- Cann Global (CGB) is reporting positive results in the treatment of Multiple Sclerosis (MS), which may have wider applications in auto-immune diseases
- The research indicates a unique strain of cannabis can inhibit and even reverse the progression of MS
- The trials were conducted both in vitro (using human cells in a lab) and also in vivo (in live mice)
- The therapy requires further clinical trials before gaining market approval, but its potential applications in MS and other auto-immune diseases are significant and wide-ranging
- Cann Global is trading 14.3 per cent higher today at 0.8 cents per share
Cann Global (CGB) is reporting positive results in the treatment of Multiple Sclerosis (MS), which may have wider applications in auto-immune diseases.
The research indicates a unique strain of cannabis can inhibit and even reverse the progression of MS.
How it works
Cann Global has been collaborating with Professor David Meiri of the Technion University in Israel since February 2018.
Professor Meiri has identified a unique strain of cannabis that has been shown to slow down the progression of MS, and, in some cases, reverse the damage caused by the disease.
Auto-immune diseases like MS typically do their damage when the body's immune response becomes overactive and starts to damage tissues and organs.
The unique chemovar identified by Professor Meiri can effectively kill CD4 T cells (the cells responsible for the runaway immune response) that have become destructive instead of productive.
The trials were conducted both in vitro (using human cells in a lab) and also in vivo (in live mice).
Cann Global is now in discussions with the Technion team to delineate the parameters of new trials to test the efficacy of the chemovar in MS and other auto-immune conditions.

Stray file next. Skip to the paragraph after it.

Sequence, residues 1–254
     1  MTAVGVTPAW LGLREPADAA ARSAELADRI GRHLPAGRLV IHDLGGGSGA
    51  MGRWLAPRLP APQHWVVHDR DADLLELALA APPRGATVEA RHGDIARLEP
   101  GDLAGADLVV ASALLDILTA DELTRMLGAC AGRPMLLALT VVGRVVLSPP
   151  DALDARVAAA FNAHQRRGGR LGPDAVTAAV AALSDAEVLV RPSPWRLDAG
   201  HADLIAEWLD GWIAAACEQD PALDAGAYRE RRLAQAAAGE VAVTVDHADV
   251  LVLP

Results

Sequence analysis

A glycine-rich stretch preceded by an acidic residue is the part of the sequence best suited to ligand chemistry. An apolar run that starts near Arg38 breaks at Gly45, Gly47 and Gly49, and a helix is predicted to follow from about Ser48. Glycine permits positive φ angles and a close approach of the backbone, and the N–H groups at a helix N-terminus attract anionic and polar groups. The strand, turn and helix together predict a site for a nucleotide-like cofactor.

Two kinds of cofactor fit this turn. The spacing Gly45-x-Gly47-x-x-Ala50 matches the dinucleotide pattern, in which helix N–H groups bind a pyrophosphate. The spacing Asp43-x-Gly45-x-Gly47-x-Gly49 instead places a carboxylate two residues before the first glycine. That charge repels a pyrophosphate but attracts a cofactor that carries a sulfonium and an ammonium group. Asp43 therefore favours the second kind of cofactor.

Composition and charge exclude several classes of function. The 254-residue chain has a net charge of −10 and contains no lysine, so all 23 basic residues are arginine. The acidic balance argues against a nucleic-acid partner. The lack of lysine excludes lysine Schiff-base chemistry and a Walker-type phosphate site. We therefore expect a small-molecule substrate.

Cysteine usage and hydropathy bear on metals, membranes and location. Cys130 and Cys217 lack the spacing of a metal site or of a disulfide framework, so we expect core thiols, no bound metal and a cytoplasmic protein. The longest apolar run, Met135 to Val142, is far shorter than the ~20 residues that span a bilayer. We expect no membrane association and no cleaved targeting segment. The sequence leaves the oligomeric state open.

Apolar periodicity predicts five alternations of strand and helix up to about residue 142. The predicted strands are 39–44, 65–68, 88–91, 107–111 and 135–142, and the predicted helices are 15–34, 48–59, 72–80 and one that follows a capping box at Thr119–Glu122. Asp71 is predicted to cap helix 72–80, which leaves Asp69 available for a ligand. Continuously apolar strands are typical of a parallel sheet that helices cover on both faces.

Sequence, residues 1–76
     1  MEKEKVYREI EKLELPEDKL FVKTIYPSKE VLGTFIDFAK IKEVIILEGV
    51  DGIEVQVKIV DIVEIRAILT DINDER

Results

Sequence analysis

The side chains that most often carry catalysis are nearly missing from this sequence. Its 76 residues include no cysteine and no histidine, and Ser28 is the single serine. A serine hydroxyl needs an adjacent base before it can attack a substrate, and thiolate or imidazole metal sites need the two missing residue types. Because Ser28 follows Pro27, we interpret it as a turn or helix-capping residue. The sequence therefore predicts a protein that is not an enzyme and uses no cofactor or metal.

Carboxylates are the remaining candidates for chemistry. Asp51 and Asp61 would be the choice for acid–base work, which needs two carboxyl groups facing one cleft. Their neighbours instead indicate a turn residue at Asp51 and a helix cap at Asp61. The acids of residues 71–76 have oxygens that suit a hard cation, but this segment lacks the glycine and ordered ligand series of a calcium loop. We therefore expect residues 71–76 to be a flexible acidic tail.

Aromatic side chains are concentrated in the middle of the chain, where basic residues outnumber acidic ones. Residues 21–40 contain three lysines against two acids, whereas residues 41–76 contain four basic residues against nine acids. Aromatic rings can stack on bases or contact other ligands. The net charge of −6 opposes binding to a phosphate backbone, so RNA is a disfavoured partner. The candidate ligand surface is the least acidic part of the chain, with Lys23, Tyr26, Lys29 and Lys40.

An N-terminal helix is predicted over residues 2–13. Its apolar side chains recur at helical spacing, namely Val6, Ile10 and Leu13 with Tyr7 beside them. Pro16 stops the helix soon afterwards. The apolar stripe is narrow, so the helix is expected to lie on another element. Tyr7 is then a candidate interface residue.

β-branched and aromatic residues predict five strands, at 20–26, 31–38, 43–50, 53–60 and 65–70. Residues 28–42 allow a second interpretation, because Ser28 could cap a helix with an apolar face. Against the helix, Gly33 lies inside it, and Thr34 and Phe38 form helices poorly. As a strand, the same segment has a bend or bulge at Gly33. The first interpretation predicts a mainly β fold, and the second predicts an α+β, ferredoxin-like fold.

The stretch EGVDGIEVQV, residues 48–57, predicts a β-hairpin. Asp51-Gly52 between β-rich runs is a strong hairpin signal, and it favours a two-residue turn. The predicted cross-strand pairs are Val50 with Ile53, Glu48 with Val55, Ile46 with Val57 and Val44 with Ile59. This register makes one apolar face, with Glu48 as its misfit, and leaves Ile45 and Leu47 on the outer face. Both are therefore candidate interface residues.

Since cannabis is already an approved therapeutic in Israel and other jurisdictions, phase one toxicity studies can be circumvented as the drug and its effects already deemed safe.
Cann Global says it will inform the market as the parameters of the planned studies are finalised.
Professor Meiri says the aim is to refine the therapy and seek market approval.
"We believe that we will create strong intellectual property relating to cannabis-based treatments of MS, and we will have preclinical results from isolated molecules with a better understanding of the dosing and mechanism of action," David said.
"This additional research in isolating the molecules from the whole strains should ready us for the next development stage of ‘on shelf’ pharmaceutical grade products and an option to licence the molecules to the ‘real’ pharma industry."
If the unique strain identified by Professor Meiri and his team prove efficacious against MS and other diseases in humans, the potential market for a low-toxicity, natural therapy could have huge ramifications for both sufferers and the company's bottom line.
Cann Global is trading 14.3 per cent higher today at 0.8 cents per share as at 3:05 pm AEST.